Author: Marieke Lenstra
If you have completed the first few phases of Sales & Operations Planning (S&OP) and are now ready to take things to the next level, it is time to take a closer look at Integrated Business Planning (IBP). The IBP process enables companies to make decisions about supply and demand from the perspective of the impact on their (financial) objectives.
Whereas S&OP often revolves around the feasibility of the (local) sales plan, IBP is focused on creating the optimal plan for the whole supply chain as well as the financial objectives for the next 18 months. The added value of IBP can vary from one company to another and depends on the strategy. For one company the added value will lie in optimizing the utilization of the production capacity, while for another it will be gaining market share through the controlled scaling up of new products and services. But it always revolves around being able to anticipate and adapt the supply chain to developments in a timely and integral manner in order to achieve the (financial) objectives – i.e. the year’s targets in terms of revenue and profit.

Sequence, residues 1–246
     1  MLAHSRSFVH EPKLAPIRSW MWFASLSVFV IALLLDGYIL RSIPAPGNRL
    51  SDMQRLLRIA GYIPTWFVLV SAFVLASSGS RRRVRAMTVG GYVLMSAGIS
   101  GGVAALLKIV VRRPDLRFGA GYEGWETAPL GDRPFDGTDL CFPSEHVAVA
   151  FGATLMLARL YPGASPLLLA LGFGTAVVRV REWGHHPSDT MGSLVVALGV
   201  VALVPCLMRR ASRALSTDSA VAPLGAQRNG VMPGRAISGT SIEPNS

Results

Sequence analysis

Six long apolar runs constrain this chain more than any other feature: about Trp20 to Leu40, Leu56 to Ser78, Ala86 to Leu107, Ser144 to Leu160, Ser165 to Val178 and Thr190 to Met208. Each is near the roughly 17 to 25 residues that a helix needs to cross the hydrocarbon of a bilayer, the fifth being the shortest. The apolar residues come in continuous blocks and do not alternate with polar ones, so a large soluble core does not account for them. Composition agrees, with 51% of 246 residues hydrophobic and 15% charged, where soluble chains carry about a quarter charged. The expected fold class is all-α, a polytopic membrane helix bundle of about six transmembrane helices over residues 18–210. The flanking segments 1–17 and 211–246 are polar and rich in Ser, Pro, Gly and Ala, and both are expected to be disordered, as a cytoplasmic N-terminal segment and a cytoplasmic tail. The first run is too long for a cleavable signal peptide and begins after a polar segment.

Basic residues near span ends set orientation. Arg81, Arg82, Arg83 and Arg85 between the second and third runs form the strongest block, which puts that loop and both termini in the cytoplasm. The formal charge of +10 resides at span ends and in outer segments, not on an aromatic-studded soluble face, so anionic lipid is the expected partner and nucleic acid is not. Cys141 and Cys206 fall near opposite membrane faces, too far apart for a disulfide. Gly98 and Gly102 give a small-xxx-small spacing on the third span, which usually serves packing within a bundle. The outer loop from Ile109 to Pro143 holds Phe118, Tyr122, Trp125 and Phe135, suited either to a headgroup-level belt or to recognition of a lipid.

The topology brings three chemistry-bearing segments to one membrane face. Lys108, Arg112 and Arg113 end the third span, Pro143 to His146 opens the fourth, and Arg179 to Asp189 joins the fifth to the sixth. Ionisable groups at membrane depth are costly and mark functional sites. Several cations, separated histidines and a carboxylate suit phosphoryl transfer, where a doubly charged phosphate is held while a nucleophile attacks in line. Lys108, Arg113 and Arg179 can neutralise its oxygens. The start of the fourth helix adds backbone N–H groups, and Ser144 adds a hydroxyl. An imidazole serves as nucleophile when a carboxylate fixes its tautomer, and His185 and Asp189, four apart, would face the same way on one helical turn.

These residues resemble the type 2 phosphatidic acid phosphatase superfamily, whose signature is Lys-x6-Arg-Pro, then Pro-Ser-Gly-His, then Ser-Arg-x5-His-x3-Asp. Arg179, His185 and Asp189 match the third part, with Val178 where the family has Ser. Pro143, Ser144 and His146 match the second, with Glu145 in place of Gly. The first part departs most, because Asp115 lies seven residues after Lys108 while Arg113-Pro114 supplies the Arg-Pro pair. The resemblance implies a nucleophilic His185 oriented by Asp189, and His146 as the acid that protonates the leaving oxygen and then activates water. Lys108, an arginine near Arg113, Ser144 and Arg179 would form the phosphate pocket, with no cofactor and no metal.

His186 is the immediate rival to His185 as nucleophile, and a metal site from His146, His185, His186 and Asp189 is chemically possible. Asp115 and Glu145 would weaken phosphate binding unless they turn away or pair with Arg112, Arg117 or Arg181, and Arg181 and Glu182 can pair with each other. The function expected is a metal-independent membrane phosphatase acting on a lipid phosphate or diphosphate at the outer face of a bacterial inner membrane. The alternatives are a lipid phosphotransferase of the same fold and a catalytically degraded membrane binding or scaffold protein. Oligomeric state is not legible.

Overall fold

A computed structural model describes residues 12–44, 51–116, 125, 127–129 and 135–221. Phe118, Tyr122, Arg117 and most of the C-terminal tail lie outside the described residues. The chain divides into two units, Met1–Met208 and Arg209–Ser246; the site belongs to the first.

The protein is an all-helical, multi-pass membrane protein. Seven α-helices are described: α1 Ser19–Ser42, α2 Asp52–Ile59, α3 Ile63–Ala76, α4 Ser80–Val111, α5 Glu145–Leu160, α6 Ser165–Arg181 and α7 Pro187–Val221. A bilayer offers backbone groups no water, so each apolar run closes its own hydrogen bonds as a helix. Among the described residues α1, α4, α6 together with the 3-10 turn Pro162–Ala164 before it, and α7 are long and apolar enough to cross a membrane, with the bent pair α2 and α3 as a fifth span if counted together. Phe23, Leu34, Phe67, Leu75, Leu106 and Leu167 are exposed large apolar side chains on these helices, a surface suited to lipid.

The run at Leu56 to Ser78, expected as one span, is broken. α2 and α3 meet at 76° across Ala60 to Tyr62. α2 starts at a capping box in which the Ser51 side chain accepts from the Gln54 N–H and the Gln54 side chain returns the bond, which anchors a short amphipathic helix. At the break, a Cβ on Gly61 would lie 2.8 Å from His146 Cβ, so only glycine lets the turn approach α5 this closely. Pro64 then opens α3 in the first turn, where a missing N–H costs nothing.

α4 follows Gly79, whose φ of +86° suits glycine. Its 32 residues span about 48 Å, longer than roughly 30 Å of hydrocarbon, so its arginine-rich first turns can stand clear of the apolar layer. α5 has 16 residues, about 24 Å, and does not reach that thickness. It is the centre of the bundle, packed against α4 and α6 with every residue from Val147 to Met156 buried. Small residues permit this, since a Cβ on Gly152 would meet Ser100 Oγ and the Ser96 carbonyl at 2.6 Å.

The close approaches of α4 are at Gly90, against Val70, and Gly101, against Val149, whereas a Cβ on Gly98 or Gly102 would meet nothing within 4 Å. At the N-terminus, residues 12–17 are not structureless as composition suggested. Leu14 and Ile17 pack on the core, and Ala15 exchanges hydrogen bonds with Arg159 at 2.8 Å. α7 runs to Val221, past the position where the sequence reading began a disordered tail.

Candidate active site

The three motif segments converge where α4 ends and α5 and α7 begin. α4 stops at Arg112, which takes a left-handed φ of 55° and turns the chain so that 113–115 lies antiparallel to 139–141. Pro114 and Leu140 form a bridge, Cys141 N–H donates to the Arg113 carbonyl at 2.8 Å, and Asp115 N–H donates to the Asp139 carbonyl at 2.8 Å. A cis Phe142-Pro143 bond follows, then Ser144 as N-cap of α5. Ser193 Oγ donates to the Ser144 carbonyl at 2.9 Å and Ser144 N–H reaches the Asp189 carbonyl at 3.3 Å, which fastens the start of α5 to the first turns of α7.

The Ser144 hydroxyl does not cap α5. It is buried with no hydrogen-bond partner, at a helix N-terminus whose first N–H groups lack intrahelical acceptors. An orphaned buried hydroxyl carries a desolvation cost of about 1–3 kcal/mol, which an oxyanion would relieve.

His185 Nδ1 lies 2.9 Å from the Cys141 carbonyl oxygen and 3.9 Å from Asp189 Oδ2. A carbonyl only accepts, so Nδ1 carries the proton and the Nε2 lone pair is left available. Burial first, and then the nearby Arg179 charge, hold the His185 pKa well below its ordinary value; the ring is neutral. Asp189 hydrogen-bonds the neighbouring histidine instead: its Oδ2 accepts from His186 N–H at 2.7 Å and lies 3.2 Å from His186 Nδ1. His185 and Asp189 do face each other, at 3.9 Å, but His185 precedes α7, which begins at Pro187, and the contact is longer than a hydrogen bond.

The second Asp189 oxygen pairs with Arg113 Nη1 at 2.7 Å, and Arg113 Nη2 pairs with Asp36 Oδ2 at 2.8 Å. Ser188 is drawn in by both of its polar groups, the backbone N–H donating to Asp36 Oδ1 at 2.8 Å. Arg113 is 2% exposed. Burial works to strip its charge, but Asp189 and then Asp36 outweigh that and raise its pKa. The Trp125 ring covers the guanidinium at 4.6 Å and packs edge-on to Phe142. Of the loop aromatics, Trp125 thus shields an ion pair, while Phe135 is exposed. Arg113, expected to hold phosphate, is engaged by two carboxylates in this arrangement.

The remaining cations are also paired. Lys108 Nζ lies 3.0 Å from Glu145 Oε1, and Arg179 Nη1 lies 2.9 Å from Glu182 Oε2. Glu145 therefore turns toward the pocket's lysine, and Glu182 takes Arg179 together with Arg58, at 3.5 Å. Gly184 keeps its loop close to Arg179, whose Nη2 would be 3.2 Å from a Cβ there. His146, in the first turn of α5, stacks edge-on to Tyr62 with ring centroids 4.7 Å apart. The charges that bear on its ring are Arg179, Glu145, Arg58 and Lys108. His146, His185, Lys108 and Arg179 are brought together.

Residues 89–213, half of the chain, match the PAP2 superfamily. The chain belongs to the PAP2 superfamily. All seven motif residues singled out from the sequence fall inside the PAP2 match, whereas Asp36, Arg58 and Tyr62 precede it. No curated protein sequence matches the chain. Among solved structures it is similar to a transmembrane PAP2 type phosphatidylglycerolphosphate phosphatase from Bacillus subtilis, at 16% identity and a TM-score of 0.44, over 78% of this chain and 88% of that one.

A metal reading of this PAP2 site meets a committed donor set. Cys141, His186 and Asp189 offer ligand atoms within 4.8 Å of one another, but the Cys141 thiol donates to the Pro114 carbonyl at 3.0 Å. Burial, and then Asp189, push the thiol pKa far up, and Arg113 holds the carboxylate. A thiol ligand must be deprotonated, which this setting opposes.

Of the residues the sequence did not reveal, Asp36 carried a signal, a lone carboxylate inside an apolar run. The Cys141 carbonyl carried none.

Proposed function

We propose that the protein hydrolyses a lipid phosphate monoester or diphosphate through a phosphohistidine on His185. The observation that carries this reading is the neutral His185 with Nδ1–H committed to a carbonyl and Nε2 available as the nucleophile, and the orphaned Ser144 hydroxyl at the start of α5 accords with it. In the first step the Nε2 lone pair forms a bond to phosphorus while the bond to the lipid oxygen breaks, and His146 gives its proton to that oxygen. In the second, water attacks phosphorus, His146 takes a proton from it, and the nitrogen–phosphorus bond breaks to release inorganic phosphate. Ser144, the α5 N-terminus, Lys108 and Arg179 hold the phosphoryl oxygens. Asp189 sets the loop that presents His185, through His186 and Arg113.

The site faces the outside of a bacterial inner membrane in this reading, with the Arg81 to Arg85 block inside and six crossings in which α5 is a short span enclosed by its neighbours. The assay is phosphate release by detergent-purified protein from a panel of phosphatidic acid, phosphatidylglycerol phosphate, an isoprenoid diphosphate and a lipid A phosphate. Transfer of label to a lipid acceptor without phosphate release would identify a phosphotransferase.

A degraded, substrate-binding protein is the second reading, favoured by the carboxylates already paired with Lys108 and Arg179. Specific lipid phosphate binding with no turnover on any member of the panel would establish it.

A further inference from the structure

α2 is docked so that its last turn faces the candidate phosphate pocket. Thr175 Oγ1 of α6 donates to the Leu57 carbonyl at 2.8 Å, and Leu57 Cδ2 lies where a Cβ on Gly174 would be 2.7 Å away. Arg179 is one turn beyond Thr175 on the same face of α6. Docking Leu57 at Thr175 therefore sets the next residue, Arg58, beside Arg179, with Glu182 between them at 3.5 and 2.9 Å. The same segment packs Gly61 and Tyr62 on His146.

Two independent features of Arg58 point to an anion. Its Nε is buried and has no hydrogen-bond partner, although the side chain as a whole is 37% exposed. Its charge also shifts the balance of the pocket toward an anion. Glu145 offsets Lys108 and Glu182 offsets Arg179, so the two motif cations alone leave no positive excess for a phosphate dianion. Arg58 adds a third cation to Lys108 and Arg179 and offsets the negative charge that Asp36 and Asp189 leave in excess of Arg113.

Involving the entire chain
IBP is all about integral decision-making. This requires active involvement from Finance, Sales, Product Management & Marketing, Production, Purchasing and Logistics. To what extent does everyone within the company regard the IBP process as the key platform for business planning and decisionmaking? IBP will broaden the scope of the supply chain, such as in terms of analysis of the possibilities and limitations of critical suppliers, or valorization of raw materials based on their expected (limited) availability and the level of demand in various markets.
Supply Chain Media and consultancy firm Involvation have developed this checklist to provide insight into the added value and the potential of your IBP process based on the following ten questions
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